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Posts Tagged ‘Patient Care’

nurseI drove past a billboard the other day advertising a hospital in the Knoxville area. The motto read “Experience Mercy 24/7.” This really struck me, and as I drove south through Tennessee and into Georgia and Alabama, I  pondered the concept as it applies to nursing. Being a “new grad” and GREEN, it is perhaps premature for me to comment on anything I see at the hospital, especially if those comments might be considered critical in any way. So, those of you who read, please understand that I mean no offense – I’d rather that these thoughts be taken in an motivational way rather than as a criticism.

I looked up mercy at www.thefreedictionary.com and found these definitions: Compassionate treatment, especially of those under one’s power; clemency; A disposition to be kind and forgiving;  Something for which to be thankful;  Alleviation of distress; relief. Personally, I believe that mercy is a one-sided action – the recipient need do nothing to deserve or receive it. Watching many nurses react to their patients, I am beginning to realize that this quality is sadly lacking in hospitals. Some units are trying Disneyesque methods to monitor attitudes of their healthcare providers – the motto “On Stage” is used on some units, with some success. However, the deeper quality of mercy is just about lost. Patients are labeled as “good” and treated accordingly, or ” a doozy,” “high maintenance,” or ” a handful” and treated either minimally or with poor attitudes. Many nurses would resent the implication that their attitudes show to their patients, but I maintain that it is nearly impossible to be complaining about a patient at the nursing station one minute, and offering caring, merciful nursing care in their room the next. Really, the “good” patients don’t need merciful care. They elicit good care by being appreciative and gracious. It is the high maintenance patients that need merciful care – care that is given not because it is so enjoyable for you as the nurse to be in the room, but because you are in the position of clemency.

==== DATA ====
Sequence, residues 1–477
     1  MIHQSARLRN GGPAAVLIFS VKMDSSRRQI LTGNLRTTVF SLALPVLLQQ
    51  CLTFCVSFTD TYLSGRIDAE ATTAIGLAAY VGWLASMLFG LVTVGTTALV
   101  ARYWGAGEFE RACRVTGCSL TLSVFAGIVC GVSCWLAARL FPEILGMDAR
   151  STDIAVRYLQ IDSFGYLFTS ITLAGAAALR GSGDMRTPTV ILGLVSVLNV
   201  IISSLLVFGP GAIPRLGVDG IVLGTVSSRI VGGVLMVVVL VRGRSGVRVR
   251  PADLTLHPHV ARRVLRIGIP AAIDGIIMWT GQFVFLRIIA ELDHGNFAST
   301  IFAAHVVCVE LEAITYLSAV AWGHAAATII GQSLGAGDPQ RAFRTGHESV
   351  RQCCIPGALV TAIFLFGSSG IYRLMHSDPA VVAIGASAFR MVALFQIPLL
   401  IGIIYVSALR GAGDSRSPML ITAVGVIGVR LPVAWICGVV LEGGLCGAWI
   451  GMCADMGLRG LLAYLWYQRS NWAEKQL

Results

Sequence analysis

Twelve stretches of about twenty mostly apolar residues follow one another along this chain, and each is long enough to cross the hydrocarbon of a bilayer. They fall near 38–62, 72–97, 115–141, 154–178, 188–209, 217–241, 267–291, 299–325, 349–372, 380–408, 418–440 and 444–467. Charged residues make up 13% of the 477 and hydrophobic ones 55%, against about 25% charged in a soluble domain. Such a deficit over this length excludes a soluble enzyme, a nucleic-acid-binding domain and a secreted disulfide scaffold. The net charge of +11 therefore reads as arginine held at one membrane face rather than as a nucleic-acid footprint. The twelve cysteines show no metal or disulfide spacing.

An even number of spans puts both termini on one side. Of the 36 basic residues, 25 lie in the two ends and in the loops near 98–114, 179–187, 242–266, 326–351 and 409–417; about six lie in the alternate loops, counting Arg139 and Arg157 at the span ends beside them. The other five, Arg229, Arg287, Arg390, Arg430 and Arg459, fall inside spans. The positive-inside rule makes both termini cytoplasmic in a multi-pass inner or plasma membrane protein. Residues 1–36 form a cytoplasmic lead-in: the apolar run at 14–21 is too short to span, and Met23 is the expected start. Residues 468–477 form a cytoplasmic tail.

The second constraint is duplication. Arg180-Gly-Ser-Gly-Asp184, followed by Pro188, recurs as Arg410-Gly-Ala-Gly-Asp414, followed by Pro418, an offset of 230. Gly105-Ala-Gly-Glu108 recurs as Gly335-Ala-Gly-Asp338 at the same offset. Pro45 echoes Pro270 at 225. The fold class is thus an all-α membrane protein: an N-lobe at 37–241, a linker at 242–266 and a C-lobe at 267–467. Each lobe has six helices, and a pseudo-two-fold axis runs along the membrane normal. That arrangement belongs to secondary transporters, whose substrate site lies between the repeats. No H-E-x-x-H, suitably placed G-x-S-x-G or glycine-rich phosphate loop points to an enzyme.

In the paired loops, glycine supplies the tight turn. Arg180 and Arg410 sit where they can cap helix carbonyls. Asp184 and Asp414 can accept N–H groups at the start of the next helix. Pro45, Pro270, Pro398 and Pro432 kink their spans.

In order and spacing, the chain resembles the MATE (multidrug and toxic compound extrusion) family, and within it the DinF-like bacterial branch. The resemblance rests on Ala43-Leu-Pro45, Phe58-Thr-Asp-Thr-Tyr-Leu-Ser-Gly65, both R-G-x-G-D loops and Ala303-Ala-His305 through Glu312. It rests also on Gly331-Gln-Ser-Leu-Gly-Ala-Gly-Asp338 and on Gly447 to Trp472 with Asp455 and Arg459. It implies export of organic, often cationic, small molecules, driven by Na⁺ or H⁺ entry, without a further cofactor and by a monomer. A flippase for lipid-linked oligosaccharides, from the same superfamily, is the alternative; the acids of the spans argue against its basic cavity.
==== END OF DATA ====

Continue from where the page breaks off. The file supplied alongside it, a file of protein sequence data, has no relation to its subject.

Birthplaces are quite possibly unique in that the majority of the patients are actually healthy people. However, often the experience of giving birth is as shocking and overwhelming in every way as a major illness. Although our patients are generally with us only a short time and may not be “sick” per se, we are still called upon to provide merciful care. Sadly, many of our patients have personal lifestyle habits that do not promote respect. It is very difficult for a nurse to feel sympathy in herself for a patient who has taken drugs during her pregnancy and now has a baby with symptoms of withdrawal. Our sympathy towards the helpless infant implies near outrage towards the perpetrator of the suffering – who, incidentally, may have been our patient yesterday, or will be tomorrow.  The patient who is so concerned about getting up and out of her room to smoke immediately after delivery that she is indifferent toward the infant is another patient who challenges the attitudes of the nurses. These patients require merciful care – not because they deserve it, but because they are the patient and we are in the position of clemency.  Some patients are particularly demanding, making it difficult for the nurse to stay compassionate and not get frustrated. However, patients have the perogative to be demanding. Are we not all somewhat demanding in our own way? Do we not have family members that we know would make demanding patients –  yet we still want them treated well? Do we all not expect good customer service in restaurants, hotels, and stores? The hospital is a customer service agency that is intensely more personal. It is in our power to treat the patients with kindness, whatever attentiveness we can allow while not neglecting other patients, and respect. This doesn’t mean that you must feel as though you would want to be that person’s best friend outside the hospital, but we must detach ourselves from our personal judgements about the patient, their family, their habits, and their ignorance and provide mercy 24/7.